August 16, 2012
Dr Zahid Bukhari

This is the season of Ramazan, one of the holiest times of the year for practicing Muslims. For one month, we fast from dawn until dusk, increase our charity work and deepen our faith through the Quran. This year, as Ramazan comes to a close, I can’t help but reflect on the many ways this faith is being misrepresented.

Muslim Americans are in the midst of a profound crisis. Our faith is under assault. Radical groups abroad are using Islam as a justification for wanton violence, which is strictly forbidden in the Muslim faith. And at home in the United States, Islam is being criminalized, turned into an object of suspicion and threat. In New York City, the Police Department has made a practice of spying on Muslims in their restaurants, bookstores and places of worship.

Conspiracy theorists continue to ‘accuse’ President Barack Obama of being Muslim, as if this were a bad thing, capable of disqualifying him from leading the nation. And throughout the country, a movement to ban US courts from considering Shariah in their legal decisions has been sweeping the legislatures in one state after another.

This anti-Shariah movement is one of the most profound, and dangerous, expressions of the effort to criminalize Islam. Though it is often paired with the word “law”, Shariah is, in fact, a set of observances that guide all aspects of a Muslim’s day-to-day life such as moral codes of conduct, diet and the drafting of our wills. During Ramazan, it is Shariah that guides our prayer and daily activities. It is impossible to find a practicing Muslim, who does not follow Shariah.

Sadly, Shariah has been reduced to an inflammatory term in this country. Preying on American’s unfamiliarity with the Muslim faith, politicians and racists alike have begun using the “threat” of Shariah to drum up fear and suspicion of Muslims. And the attacks are getting worse. Since 2010, when Oklahoma passed the nation’s first ban on “Shariah Law,” the anti-Shariah movement has grown significantly. At this point, five states have passed laws outlawing Shariah or “foreign law” and some two dozen states have considered such legislation or are still considering it.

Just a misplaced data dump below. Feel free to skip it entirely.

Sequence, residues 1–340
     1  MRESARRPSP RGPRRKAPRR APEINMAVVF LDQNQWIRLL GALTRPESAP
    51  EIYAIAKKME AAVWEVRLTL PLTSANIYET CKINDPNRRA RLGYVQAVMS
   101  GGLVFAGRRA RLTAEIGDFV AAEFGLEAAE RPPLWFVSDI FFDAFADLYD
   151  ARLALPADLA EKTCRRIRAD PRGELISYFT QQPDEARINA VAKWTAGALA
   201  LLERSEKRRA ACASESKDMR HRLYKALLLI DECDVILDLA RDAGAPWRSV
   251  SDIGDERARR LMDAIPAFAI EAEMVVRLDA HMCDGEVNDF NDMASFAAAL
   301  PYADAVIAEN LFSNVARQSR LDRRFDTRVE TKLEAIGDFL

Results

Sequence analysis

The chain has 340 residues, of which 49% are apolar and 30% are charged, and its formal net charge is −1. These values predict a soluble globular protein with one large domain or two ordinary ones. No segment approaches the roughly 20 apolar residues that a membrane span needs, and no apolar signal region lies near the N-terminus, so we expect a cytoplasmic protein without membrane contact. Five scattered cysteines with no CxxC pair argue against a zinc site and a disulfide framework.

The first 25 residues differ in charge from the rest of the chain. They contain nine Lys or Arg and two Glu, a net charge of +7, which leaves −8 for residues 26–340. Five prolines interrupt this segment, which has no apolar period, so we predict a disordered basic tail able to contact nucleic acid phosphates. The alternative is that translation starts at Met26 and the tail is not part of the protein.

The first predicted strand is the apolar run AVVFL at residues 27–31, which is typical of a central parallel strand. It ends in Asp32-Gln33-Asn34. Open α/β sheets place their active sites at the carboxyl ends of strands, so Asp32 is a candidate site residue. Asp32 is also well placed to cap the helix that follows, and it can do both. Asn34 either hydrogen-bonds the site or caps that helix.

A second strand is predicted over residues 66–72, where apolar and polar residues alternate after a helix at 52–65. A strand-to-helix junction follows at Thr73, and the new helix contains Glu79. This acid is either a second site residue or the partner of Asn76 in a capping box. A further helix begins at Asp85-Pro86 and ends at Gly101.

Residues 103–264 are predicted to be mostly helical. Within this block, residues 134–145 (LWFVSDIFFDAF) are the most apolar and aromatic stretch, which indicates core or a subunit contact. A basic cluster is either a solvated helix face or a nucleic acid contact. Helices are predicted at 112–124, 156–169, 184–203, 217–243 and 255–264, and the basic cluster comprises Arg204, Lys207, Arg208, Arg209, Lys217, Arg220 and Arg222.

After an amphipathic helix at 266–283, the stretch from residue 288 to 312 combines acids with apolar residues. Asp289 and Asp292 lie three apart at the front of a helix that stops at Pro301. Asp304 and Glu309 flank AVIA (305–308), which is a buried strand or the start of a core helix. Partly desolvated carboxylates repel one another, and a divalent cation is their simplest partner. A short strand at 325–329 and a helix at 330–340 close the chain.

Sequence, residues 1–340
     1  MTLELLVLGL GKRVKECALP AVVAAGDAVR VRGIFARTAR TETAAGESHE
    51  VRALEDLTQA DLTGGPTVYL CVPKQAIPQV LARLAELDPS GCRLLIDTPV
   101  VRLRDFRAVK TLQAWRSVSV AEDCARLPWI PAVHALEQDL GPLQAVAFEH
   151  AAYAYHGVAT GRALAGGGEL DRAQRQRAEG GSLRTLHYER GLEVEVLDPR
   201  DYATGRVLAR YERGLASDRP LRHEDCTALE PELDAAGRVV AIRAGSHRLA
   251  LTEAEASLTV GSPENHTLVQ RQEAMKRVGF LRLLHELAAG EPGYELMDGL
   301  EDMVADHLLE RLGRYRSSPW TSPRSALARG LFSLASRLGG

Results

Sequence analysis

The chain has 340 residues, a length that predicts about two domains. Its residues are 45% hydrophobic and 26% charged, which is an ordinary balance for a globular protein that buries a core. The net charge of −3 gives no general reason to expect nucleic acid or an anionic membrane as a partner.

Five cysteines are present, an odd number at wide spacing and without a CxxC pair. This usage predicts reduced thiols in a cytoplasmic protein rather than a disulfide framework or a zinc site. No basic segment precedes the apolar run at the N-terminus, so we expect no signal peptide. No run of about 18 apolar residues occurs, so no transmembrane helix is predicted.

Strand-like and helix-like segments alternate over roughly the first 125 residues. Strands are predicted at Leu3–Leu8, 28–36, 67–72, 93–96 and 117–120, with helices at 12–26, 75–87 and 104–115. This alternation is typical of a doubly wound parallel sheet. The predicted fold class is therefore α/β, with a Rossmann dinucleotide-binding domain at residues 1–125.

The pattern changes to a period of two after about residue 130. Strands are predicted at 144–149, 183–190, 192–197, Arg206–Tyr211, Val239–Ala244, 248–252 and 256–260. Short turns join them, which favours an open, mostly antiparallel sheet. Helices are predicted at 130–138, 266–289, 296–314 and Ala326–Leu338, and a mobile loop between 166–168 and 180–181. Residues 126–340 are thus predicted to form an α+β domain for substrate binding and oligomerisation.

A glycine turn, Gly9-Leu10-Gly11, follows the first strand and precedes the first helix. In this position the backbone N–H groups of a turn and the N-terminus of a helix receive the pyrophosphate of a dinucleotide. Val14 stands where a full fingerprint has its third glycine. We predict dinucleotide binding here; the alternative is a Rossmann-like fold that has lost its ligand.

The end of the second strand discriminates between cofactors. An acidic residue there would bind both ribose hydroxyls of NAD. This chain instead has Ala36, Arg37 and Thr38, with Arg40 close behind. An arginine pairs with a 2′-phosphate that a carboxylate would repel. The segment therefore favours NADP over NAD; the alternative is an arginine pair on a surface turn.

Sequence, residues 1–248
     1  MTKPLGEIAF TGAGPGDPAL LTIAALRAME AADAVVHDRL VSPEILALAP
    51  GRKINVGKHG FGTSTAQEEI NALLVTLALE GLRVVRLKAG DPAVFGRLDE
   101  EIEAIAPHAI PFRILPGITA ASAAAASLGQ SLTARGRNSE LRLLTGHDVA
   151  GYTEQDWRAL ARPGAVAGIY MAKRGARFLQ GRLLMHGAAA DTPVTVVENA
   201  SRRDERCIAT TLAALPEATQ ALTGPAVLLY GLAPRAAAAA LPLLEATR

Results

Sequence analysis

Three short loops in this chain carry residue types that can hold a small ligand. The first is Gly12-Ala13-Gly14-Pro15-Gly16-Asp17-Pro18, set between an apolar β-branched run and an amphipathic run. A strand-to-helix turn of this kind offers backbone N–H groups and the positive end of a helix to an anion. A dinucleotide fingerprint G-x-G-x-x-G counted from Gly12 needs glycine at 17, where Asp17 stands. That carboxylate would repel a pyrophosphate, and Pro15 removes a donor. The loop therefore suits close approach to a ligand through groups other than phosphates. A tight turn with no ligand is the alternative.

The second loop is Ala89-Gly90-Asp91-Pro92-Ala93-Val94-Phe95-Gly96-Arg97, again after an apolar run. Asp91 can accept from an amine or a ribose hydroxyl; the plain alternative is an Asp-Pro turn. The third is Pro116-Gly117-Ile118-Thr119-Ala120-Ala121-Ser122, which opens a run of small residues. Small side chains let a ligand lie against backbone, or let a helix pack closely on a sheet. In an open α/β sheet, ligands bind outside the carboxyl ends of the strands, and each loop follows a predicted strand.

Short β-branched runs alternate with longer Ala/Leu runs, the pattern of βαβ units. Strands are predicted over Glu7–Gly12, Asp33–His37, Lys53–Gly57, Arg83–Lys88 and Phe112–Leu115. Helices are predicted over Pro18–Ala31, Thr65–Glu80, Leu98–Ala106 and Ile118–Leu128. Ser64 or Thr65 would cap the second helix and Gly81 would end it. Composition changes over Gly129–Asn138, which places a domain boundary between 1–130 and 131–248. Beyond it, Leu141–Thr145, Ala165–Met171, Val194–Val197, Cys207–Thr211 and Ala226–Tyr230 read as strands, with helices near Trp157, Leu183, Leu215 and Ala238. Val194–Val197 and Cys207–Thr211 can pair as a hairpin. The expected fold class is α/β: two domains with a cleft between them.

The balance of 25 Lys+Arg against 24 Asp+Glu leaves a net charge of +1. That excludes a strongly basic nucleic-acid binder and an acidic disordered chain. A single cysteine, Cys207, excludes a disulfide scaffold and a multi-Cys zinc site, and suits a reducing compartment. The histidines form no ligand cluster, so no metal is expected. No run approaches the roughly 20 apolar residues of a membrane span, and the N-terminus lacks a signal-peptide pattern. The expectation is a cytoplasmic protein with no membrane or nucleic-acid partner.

Critics of Shariah cite a roster of reasons for banning it from our courts, but all come down to a misreading and misunderstanding of Islam. Perhaps, the most pernicious of these fallacies is the idea that Shariah is a threat to American democracy, a way for American Muslims to impose a militant perversion of Shariah on US courts and ultimately the country. This is a preposterous claim. The truth is that militant Islam is not an accurate reflection of the religion, and a radical form of Shariah will never be instated in the United States, both because Muslim Americans are not calling for it and because our legal system prevents it from happening.

Since the time of the pilgrims, cultures from across the globe have come to the United States in search of freedom of religion. We are privileged and honored to be protected by the US Constitution, which allows us to practice our faith freely. The idea that Muslim Americans are trying to instate “Shariah Law” across the nation was contrived by hate groups. In fact, Shariah itself mandates living by the law of the land. As Muslim Americans, we only ask for the freedom to live our lives in accordance with our faith. What many people don’t realize is that Shariah is a moral imperative for all Muslims and defining it as a threat is equivalent to deeming all observant Muslims a danger to society. To ban Shariah is to ban the Muslim religion and harshly strip several million taxpaying Americans of their first amendment rights.

And yet, anti-Shariah bills continue to gain traction, and as they spread, so does prejudice against Muslim Americans. In 2011, the number of anti-Muslim hate groups tripled, according to the Southern Poverty Law Center. Hate crimes, like the recent mosque burning in Joplin, Missouri, have also been rising. Meanwhile, Muslims have become ever more fearful. In the wake of the tragedy at the Sikh temple in Oak Creek, Wisconsin, as well as the Joplin mosque burning, it is time for members of other faiths to make our voices heard. Many of us are beginning to try.

The writer is president of the Islamic Circle of North America and serves as executive director of the Centre for Islam and Public Policy. This article has been reproduced from Middle East Online.

Source: The Nation